As we have seen the political drama unfold within the last few weeks between the UK and the EU, it is becoming clear that a No Deal Brexit will be a likely outcome. However, even in the unlikely event that Mrs. May’s Deal is passed by Parliament, The Bank of England will most likely still raise interest rates despite either outcome. If we are to examine 2007 through the same lens, both the Federal Reserve and Bank of England began to increase interest rates in succession, which inevitably lead to the bear market of 2007-2009.
Sexism at the EU headquarters in Brussels. Prime Minister Theresa May in a confrontation with President of the European Commission Jean-Claude Juncker. "We were not dancing...but she thought I was criticising her by calling her nebulous...I was not referring to her...but after checking what I said yesterday night, she was kissing me," Mr. Juncker said to laughing reporters. Notice the subtle body language, and how Mr. Juncker puts his hand on Mrs. May's arm as a sign of dominance.
This is because when interest rates are hiked up by the Central Banks, it leads to inflation and widespread recession in which there is a lack of money flow throughout the economy, leading to cash-strapped businesses that inevitably lead to businesses closing, bankruptcies and market failure.
Although a stock market crash and downturn in the market may be an unwelcome gift for the holidays, in the long term outlook, Mrs. May’s Deal could forever lead the UK to be chained to the EU in which they will have no part in policy making, which leads to a long-term problem for the UK. That is why in good conscience, some Members of Parliament have considered opting for the No Deal scenario and prepare for its immediate consequences rather than wait to delay the vote until January. It is likely that Mrs. May did not want to ruin Christmas for UK businesses and financial institutions who may have to pay greater taxes and tariffs if her deal is not passed, but the simple fact is that delaying the vote puts the UK in risk for economic instability if preparations are not made in advance before the Brexit deadline of March 2019. Mrs. May’s delay on voting for her Deal is one that is similar to a divorcing couple only staying together for the Holidays, until they decide to break up after the New Year.
The EU has already made contingency plans for financial firms in a No Deal scenario. As the financial capital of Europe, London currently has around £29 trillion (approximately $38 trillion) of derivatives contracts, including 90 percent of euro-denominated interest rate swaps are directly centered in London. The contingency plans would ensure that these contacts aren’t interrupted with legal uncertainty for at least 12 months to 24 months after Brexit. Therefore, it would be critical during this time that financial firms switch over to new contracts or at least be able to renew selling their services across to the EU, in a similar way when a company acquires another company, and the services and contracts from the old company are transferred to a new company to ensure a smooth transition.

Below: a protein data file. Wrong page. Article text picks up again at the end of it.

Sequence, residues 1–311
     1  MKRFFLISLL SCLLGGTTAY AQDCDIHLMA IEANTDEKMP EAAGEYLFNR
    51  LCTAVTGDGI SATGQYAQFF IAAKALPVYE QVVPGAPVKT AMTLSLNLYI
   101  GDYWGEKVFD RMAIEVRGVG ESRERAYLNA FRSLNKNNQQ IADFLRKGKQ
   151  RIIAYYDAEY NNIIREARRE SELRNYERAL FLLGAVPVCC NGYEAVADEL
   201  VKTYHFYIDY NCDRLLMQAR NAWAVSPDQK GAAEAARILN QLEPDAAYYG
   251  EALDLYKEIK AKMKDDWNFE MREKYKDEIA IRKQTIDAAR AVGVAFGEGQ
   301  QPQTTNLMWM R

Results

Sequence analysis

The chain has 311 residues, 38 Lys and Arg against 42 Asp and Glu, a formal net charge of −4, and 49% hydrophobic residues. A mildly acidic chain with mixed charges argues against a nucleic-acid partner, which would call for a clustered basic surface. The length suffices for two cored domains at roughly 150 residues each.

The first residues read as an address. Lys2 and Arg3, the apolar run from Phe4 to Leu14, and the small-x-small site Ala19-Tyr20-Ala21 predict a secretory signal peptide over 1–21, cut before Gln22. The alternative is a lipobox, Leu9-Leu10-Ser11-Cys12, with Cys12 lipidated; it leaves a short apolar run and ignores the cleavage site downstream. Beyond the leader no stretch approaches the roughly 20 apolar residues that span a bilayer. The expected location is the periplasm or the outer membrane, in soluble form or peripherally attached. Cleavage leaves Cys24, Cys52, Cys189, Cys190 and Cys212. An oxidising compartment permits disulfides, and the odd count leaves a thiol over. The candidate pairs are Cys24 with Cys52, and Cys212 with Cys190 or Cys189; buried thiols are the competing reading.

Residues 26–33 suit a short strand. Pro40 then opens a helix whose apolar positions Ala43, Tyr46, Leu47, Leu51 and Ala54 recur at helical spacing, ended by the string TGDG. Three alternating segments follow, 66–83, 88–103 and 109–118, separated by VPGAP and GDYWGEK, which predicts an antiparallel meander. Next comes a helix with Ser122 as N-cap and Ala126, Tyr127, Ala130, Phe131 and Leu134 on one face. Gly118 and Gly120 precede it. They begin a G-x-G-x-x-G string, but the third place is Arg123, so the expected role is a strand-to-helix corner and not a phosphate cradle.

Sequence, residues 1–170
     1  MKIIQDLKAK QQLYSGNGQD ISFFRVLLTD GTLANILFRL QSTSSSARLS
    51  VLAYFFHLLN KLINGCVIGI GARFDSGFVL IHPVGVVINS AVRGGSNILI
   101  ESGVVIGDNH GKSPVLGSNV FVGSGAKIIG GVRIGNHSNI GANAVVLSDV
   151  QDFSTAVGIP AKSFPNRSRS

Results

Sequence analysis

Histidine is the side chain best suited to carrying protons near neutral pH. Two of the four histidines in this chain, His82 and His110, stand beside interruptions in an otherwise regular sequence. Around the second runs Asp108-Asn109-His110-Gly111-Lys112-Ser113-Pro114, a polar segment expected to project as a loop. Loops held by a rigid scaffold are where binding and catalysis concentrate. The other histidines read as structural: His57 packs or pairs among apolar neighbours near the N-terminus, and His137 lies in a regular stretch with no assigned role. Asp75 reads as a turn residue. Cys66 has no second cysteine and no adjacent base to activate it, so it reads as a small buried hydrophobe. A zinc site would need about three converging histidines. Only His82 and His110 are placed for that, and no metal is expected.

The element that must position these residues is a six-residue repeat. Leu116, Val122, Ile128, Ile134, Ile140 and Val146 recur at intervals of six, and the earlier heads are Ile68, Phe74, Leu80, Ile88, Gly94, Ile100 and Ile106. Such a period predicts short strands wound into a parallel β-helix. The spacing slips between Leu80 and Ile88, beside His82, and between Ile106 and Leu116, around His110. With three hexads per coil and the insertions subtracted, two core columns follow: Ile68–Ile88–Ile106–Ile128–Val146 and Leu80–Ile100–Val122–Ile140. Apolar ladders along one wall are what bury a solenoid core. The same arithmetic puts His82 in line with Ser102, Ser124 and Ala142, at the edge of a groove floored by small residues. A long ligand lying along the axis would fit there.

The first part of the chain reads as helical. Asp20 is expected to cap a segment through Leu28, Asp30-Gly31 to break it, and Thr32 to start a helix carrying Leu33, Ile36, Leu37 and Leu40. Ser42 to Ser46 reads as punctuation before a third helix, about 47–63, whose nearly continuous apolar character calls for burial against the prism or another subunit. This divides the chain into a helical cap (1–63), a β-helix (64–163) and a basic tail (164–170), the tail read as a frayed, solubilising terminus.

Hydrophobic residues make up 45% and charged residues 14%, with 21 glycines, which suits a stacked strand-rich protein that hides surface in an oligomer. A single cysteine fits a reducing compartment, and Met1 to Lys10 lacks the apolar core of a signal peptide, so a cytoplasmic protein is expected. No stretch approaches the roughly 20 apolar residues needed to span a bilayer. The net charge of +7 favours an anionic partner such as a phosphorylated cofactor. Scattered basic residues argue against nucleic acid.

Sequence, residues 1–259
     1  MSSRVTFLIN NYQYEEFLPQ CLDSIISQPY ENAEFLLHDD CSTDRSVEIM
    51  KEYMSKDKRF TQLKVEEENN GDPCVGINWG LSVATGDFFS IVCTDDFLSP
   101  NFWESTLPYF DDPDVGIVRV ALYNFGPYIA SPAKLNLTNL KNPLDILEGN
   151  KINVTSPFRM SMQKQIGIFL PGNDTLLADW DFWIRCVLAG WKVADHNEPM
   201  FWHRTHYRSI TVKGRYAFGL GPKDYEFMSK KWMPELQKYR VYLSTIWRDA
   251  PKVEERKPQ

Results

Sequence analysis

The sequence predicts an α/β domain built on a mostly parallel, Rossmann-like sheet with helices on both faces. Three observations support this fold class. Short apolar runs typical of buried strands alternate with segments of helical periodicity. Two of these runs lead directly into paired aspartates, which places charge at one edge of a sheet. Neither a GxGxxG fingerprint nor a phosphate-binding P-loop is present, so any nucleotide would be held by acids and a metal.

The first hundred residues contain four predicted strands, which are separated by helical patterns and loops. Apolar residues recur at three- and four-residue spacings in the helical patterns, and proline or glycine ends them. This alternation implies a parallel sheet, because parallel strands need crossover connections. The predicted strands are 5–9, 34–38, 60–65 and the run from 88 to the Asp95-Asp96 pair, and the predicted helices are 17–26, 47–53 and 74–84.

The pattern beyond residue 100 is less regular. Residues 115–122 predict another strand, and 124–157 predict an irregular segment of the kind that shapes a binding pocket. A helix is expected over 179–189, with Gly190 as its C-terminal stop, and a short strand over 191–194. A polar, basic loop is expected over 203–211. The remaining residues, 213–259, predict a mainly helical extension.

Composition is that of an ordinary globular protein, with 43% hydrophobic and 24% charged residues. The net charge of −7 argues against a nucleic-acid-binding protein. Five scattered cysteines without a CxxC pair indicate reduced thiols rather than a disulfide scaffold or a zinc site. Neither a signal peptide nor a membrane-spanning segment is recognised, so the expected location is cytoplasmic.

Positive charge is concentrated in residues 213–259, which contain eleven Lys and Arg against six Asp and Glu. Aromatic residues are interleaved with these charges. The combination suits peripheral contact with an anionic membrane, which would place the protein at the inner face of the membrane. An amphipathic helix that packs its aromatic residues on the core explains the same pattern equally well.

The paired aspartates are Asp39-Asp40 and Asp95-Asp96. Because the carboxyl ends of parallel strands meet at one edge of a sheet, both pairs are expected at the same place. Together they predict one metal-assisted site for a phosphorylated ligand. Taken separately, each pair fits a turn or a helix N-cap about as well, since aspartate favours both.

The Bank of England has forecasted a No Deal exit as a “destruction of the British economy” and Bank of England Chairperson Mark Carney has also threatened to raise interest rates. It is also becoming increasingly clear that despite either a No Deal or Mrs. May’s Deal, The Bank of England will most likely raise interest rates anyway, leading to an economic recession in the UK, following the current pattern of the Federal Reserve in the United States.
Succession of interest rate hikes in 2006 and 2007 by the Bank of England and the Federal Reserve lead to inflation and widespread recession, launching the 2008 financial crisis. A similar pattern has taken place in 2018 by the Federal Reserve, in which they have raised a succession of interest rates 4 times within the past year.
In 2018 alone, the Federal Reserve has raised interest rates 4 times, the most recent a few days ago on December 19, which lead to a sell off in the US stock market in all of December, plunging into the beginning of a bear cycle. A similar succession of interest rate hikes by the Bank of England will also lead to recession in the UK economy after a decade of stable growth.
President Trump in a stand-off with Federal Reserve Chair Jerome Powell (right). The Federal Reserve has raised interest rates 4 times in 2018, potentially leading the US towards another financial crisis and widespread recession.